If both HC and CO are high, the vehicle may have a bad catalytic converter or an air pump problem. For more info on catalytic converters, Click Here for Troubleshooting a P0420 Catalyst Code

NOX failures are usually EGR-related, since the EGR system is primarily responsible for reducing oxides of nitrogen. But NOX emissions can also be caused by a bad three-way converter or a computer control system that remains in open loop.


There are five things you should always check on every vehicle that has a computerized engine control system:

1. Scan for fault codes. Any codes that are found need to be dealt with before anything else.

2. Make sure the system is going into closed loop. No change in loop status often indicates a coolant sensor problem.

3. Confirm that the system is alternating the fuel mixture between rich and lean. This is absolutely essential for the converter to function efficiently. You can do this by observing the O2 sensors output with a scan tool, or directly with a digital storage oscilloscope or voltmeter. If everything is okay, the sensor should be producing an oscillating voltage that flip-flops from near minimum (0.1 to 0.2v) to near maximum (0.8 to 0.9v). O2 sensors in feedback carburetor applications have the slowest flip-flop rate (about once per second at 2500 rpm), those in throttle body injection systems are somewhat faster (2 to 3 times per second at 2500 rpm), while multiport injected applications are the fastest (5 to 7 times per second at 2500 rpm).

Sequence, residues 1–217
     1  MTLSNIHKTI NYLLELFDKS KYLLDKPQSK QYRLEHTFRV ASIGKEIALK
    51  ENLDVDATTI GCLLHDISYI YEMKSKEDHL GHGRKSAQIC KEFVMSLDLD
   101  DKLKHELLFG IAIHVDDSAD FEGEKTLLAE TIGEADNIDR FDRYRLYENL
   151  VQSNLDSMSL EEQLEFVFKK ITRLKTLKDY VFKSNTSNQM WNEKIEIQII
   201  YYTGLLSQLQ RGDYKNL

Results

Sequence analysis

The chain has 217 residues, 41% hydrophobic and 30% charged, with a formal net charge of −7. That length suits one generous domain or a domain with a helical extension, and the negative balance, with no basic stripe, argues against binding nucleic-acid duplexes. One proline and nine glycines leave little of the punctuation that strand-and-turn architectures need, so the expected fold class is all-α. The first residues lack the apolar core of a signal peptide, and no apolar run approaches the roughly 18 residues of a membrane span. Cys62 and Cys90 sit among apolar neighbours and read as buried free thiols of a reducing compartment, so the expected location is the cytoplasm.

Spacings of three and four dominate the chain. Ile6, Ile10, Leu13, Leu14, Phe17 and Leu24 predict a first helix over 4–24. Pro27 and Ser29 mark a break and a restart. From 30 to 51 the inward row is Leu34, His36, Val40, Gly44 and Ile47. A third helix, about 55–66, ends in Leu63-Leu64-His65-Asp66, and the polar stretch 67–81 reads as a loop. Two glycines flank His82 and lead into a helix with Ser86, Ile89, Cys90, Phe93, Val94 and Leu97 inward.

4. Confirm that the system responds normally to changes in the air/fuel mixture. To test the system response, pull off a vacuum hose to create an air leak (not too large or the engine will die). You should see an immediate voltage drop in the O2 sensor output, and a corresponding increase in injector dwell or mixture control dwell from the computer. Making the fuel mixture artificially rich by injecting some propane into the intake manifold should cause the O2 sensor output to rise and the computer to lean out the fuel mixture.

5. Use your scan tool to confirm all monitors have completed and that the vehicle is ready for emissions testing BEFORE it goes to a test station. If all monitors are ready, and no faults have been found, the vehicle should pass an OBD II plug-in emissions test.


Though a good technician can often diagnose and repair emission problems without having to actually check tailpipe emissions, it is becoming increasingly necessary today to have an infrared exhaust analyzer with at least three gas and preferably four gas (or even five gas) capability. Why? To baseline vehicle emissions for diagnostic purposes, and to verify that the repairs made eliminated or reduced the emissions problem.